"Inkan" (印鑑) in japanese refers to both the "registered physical seal" as well as the "act of sealing/signing a document" (i.e. 印鑑します). You can have as many physical-seals, or "Hanko" (判子), as you want but for signing a legal document you need to use a registered stamp for proper validity. You can register your personal Inkan at the office of your municipality (city office).
With the registration you receive a verification card ( 印鑑登録証, いんかんとうろくしょう - Inkantourokusho) that allows you verify your stamp and register a new stamp. The verification is only useful with a Personal Identification Document.
Stamp companies, such as Hankoya, produce stamps in a way that makes them recognizable in a similar fashion way that signatures are to signature experts in other countries. Which means: it is definitely possible to forge a signature but it is maybe not as easy as you might think.
You can use un-registered Inkan's for contracts (as the other party often won't verify the stamp) but doing so is definitely problematic if there ever happens to be a legal dispute and might find you in trouble if the other party tries to verify it.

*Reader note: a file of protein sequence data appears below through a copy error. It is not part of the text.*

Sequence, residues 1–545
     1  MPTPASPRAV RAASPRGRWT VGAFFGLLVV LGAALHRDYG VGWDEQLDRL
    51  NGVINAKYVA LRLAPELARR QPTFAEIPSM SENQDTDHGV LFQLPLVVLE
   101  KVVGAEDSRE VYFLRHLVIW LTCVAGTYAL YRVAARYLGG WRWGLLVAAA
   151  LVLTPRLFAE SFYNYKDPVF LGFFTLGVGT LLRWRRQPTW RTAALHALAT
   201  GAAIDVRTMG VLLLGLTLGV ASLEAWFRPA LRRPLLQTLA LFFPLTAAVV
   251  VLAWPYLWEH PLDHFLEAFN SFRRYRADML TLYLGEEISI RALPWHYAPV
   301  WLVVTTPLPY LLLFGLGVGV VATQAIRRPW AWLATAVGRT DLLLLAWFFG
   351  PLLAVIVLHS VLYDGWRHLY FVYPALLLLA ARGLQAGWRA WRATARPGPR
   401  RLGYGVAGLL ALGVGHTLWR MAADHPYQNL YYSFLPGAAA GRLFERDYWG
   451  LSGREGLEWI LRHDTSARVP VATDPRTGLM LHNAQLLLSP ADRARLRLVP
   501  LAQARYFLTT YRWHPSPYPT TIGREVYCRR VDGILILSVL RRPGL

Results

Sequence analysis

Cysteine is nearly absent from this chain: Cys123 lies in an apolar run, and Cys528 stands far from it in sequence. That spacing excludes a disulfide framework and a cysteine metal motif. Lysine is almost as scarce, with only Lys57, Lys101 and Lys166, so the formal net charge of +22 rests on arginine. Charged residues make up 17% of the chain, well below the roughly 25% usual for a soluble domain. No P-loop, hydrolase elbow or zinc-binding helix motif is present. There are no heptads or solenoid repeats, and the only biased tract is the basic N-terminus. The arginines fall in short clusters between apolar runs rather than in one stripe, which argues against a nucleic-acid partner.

Having a registered Inkan is usually only possible for people allowed to do business in japan (which includes some, but not all Visa types). Some companies might simply ask if you have an Inkan in order to verify that you are allowed to e.g. open a company in Japan.
Theft or loss of an Inkan: In case you loose it you should immediately notify your municipality. Once its registered the documents signed by the thief will become legally invalid (as if he signed it with an invalid seal).
For businesses its common to have three different seals that are supposed to be used on different occasions.
A bigger, round one - Representative Seal - used for important, official documents. (This needs to be registered, an Inkan!)
A small, round one - Bank Seal - used or banking business.
A square one - Everyday Seal - used for daily transactions.
If you happen to make a mistake in a contract, it is proper to cleanly strike-through the passage that was wrong and then stamp it in order to verify that this change is intended.
It is problematic - generally - to have only one copy of a contract: If you sign something make sure that are at least two copies and both signed the same way to make sure it's valid.
If a document has more than one page, you should get a document binder tape (契印用テープ, けいいんよう - Keiinyou) (available at amazon here or here) and both parties need to stamp the connection between the tapes to make sure that both agree on all the documents. This is an efficiency procedure. Theoretically it would be okay to just sign each page.